Review by: noell, 2005-06-09
I do not own one of these tents. But I saw one! Someone had one at Roger's just last weekend at the NRG. We were all like, whoa look at that tent! Will it survive the weekend?? Well, it survived the first night. But by the time we got back from climbing on Sunday we were all sad to see it deflated and on the ground. I'd love to know what happened to that tent! We were all sad to see it's lifeless form on Roger's grass.
EDIT: July 12, 2005
The Sako Follows the South to Utah!
When I reported a few months back that I’d been witness to a Nemo tent gone bad (I saw one of their tents at the New River Gorge in West Virginia after it had unfortunately experienced a malfunction of some sort and was flat on the ground), the owner of the company contacted me. He offered to let me borrow one of their tents if I were to write a review of it. He informed me that the tent I saw at the New was one of his older models, prior to much innovation, and that the newer models had characteristics that prevented the same malfunction from happening.
My mind was swimming. The very next week I was to leave for a 10 day climbing trip in Maple Canyon Utah. Wouldn’t it be great to be able to borrow a tent to take for the trip! I propositioned Nemo and they accepted. I eagerly awaited the arrival of the Sako tent.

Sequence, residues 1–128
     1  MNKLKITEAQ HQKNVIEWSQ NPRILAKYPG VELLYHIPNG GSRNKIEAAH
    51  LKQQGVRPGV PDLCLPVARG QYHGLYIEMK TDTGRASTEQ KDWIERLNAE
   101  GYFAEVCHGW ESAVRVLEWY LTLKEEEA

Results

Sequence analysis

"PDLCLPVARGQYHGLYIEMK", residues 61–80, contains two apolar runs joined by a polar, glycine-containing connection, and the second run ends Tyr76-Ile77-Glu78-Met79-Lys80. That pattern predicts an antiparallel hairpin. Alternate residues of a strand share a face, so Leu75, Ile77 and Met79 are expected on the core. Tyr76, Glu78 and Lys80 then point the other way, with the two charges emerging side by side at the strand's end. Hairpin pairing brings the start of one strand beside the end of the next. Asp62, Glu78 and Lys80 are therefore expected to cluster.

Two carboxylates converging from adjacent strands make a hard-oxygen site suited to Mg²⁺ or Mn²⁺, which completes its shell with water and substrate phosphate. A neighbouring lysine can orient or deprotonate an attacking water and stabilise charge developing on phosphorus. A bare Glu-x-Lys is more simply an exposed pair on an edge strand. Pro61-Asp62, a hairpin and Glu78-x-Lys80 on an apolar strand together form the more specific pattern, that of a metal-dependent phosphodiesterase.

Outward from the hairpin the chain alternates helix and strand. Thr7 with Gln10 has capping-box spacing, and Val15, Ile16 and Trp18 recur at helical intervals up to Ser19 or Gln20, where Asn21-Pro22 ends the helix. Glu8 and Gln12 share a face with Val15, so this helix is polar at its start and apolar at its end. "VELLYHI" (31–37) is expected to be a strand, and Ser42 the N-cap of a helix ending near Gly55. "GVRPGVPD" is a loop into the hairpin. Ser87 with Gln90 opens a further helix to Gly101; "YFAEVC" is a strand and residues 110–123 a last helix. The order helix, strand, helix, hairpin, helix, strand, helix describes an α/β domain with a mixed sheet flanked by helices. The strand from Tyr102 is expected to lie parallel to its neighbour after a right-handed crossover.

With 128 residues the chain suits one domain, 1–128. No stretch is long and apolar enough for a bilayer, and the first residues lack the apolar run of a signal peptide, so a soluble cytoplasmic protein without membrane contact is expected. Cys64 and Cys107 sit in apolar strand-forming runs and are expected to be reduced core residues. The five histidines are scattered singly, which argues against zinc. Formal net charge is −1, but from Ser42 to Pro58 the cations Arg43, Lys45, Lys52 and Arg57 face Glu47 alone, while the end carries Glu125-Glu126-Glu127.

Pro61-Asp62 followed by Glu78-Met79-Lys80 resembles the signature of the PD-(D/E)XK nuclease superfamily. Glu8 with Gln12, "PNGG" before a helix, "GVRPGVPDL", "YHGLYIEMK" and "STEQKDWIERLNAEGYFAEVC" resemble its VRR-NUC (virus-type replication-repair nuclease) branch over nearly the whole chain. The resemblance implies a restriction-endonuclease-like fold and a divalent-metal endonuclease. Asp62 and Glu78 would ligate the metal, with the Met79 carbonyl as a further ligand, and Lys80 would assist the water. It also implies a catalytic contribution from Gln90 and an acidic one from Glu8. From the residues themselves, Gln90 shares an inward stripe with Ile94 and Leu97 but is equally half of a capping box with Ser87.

Of course, the countdown to my trip moved about as quickly as a snail on hot payment. Finally, the tent came, and I opened the box in my living room, determined to know everything I needed to know before I was in the wilderness of Utah attemping to blow up the tent in darkness. I laid out the contents of the Fedex box. At first I was a little overwhelmed – thinking, how is little –dis-mechanically-inclined-me going to figure out how to use this air pump and blow up this tent? As soon as I got to work it became easy. Attach pump. Pump. Easy! As the tent took shape, I realized that staking the tent is very important for the tent to have structure and shape. So… some sand bags I use for weighted pull ups, a rocking chair and a door handle were my make shift stakes (the tent had stakes but I wasn’t about to put stakes into my wood floors!) and wha-la! A Sako tent! Sort of. But I knew what to do and went about folding the tent up nice and neat and preparing for departure!
We left for Utah on a Friday. We arrived at our campsite on a Saturday morning, with most of our fellow climbers still slumbering. Sako set up went smoothly, with half a dozen on lookers oogling at the unique tent, asking questions.
Now was the real test. Could the Sake survive the now 9 day climbing trip? Wind, rain, storms… bears… mountain lions… climber filth.
Did it? Yes! Temps varied from down-jacket-temps in the morning to climb-in-bikini-top-weather in the afternoon and the tent survived. Winds got up one night as a brief storm rolled through – and the tent survived. We climbers were in and out and up and down, clean and filthy, sweaty and freezing – and the tent survived.
We had a fantastic trip, and the Sako was a great tent to have with us. It was roomy with a ton of leg room (my almost 6 foot climbing partner appreciated the space for sure) and enough head space to sit up easily and change clothes. It fit easily into our checked baggage (the tent fit into a more compact bag since it doesn't have any poles) and made it back to North Carolina in one piece.